Slacker wrote: kelp pills — I’m sure I was getting less iodine out of them than the average Japanese. Doctor I was seeing at the time said, “No! Don’t take those! It will suppress your thyroid. ” Huh? But, I did what I was told. It’s not actually that simple: one school of experience says even folks with Hashi’s can take iodine; another school of experiences says not to. There are two concerns about Kelp pills: 1) they are variable in their iodine levels and 2) some seems to contain arsenic! I started my return-to-health journey using Iodoral — the… Read more »
Jessica Slattery
Jessica Slattery
6 years 2 months ago

I’m also of the opinion that lab numbers are not an indication of health, but when it comes to hypothyroidism, as has already been mentioned, most people have normal lab results and experience symptoms-not the other way around. Suffering from low FT3 feels terrible. I barely have energy to play with my 2 yr old. My whole body often feels limp. This despite eating primal for 6 months. The only thing that gives me energy these days is creamed coconut. I don’t want to live a long life if it’s like this… luckily I’ve found a good doc who listens…

Mallory
6 years 2 months ago

why did you banish the dairy?

Gina
Gina
6 years 2 months ago
I just ordered the PB book and found MDA a couple of days ago and this is the first post I have read. I have to say I am disappointed. Hypothyroidism is NOT something to make light of. It is a serious and debilitating condition that often goes undiagnosed (or more commonly MISdiagnosed). It is pretty difficult to get tested and treated PROPERLY when you ARE hypothyroid, I can’t imagine there is much of a problem with asymptomatic people having meds passed out to them. Like other people said, the TSH test is almost worthless to detect thyroid problems. TSH… Read more »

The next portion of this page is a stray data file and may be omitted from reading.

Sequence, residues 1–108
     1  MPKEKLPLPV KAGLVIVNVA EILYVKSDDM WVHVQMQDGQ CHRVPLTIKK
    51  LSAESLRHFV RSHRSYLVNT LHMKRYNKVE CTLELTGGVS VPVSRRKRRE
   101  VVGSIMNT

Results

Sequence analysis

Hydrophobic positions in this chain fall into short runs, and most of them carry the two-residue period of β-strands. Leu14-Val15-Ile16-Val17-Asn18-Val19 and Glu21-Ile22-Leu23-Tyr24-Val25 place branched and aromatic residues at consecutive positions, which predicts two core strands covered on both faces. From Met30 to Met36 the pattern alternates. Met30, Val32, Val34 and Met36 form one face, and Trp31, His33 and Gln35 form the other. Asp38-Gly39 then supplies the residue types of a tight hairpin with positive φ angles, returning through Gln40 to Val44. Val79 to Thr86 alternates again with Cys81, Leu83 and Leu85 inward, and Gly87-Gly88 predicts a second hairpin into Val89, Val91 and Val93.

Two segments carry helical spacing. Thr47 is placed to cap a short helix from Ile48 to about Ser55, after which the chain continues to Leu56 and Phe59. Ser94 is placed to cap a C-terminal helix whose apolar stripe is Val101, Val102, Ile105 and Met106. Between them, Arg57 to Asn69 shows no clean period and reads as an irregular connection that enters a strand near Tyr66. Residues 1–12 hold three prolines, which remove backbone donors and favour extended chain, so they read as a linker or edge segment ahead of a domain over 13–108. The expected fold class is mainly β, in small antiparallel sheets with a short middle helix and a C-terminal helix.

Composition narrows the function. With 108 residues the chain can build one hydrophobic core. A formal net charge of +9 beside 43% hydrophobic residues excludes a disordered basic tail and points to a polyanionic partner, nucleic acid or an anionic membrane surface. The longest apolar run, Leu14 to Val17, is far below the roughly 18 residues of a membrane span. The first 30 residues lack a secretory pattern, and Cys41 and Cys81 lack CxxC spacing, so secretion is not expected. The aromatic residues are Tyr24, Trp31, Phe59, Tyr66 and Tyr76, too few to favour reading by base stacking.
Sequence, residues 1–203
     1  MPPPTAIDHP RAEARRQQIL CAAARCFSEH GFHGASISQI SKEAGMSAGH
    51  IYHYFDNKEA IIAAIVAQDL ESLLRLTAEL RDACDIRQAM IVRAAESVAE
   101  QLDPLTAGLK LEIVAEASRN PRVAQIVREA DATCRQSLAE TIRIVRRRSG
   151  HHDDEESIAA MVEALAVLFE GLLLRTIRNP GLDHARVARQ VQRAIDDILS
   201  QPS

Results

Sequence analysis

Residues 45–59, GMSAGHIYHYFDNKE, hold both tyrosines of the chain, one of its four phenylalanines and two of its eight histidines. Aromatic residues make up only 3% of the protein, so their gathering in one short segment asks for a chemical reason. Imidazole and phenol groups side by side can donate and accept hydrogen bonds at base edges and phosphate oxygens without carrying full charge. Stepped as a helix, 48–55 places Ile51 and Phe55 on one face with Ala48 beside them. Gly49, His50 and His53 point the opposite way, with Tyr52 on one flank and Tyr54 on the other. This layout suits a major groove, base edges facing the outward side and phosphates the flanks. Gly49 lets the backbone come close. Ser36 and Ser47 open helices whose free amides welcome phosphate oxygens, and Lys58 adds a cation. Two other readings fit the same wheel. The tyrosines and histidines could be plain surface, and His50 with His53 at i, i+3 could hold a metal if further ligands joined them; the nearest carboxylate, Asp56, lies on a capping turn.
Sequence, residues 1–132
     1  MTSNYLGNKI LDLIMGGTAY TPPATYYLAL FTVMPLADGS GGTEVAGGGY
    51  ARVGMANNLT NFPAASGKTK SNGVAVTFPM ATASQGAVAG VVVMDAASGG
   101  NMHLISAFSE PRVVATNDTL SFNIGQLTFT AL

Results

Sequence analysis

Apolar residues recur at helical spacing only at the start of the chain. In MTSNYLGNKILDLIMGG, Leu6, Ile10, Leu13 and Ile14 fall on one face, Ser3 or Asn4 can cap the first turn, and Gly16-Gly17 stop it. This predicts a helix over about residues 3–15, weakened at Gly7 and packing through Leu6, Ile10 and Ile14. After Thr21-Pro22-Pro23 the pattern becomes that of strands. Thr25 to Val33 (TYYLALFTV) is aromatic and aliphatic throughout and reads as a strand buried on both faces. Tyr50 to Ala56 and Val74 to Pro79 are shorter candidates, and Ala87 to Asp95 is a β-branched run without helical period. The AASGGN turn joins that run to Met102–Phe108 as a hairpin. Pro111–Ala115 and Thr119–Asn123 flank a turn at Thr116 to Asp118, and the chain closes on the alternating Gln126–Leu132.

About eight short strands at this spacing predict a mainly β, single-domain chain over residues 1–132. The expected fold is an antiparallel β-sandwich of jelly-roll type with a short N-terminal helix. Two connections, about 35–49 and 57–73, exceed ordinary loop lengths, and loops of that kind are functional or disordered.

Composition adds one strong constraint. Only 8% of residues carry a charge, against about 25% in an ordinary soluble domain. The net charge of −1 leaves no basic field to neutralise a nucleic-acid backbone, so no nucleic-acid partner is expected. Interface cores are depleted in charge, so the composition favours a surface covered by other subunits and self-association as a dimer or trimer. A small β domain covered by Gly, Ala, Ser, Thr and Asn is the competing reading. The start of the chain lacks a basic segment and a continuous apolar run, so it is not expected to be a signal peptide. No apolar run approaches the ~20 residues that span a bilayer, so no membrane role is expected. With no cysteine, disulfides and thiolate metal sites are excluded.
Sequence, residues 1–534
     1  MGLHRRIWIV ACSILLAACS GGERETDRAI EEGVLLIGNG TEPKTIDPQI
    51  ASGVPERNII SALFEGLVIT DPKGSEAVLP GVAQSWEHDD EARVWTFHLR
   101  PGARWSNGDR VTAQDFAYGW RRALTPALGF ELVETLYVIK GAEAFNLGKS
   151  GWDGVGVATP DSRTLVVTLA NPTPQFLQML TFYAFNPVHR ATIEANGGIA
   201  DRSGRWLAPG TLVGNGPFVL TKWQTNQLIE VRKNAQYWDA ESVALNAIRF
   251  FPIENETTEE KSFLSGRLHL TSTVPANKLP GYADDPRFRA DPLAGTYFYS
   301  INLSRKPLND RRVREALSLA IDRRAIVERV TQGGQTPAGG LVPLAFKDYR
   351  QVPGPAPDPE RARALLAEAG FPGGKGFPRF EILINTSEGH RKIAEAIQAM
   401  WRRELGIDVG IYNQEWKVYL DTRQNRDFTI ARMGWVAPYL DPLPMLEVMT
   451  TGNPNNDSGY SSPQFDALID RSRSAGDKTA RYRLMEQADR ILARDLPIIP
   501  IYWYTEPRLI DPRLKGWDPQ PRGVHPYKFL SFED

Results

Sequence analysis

TC
TC
3 years 4 months ago

I know this is an old post, but have to comment! Your analogy is by far the best I have ever read. I don’t want an “in range” life, I want an optimal one 🙂

STEVE
STEVE
6 years 2 months ago
I have been taking Synthroid for 30 years. I have seen several GP’s & Endocronoligists. They all seem to throw a dart at the dosage dart board to get my numbers right. Even lowering the dosage & taking 1 extra a week (effectivley taking the original dose per week) & it fixing my numbers. Is it a pipe dream to think that by being primal I have a shot of getting off of that medication? I have kicked all other meds by losing weight (cw), but now I am 14 weeks primal, & plan to see my GP in about… Read more »
Cassandra
Cassandra
6 years 2 months ago
Just a warning for all of you that are thinking you might be hypothyroid…you might not be! I spent three years being tested for thyroid because of on going problems and it finally took a trip to the ER late one night to find out I’m hyperthyroid not hypo! I still had many of the same complaints (energy issues, hair loss, weight, depression, etc) of hypo along with the racing heart and uncomfortable feelings in hot and cold weather. It took several doctors to finally find one that knew what he was doing after the ER trip. Doc’s best advice… Read more »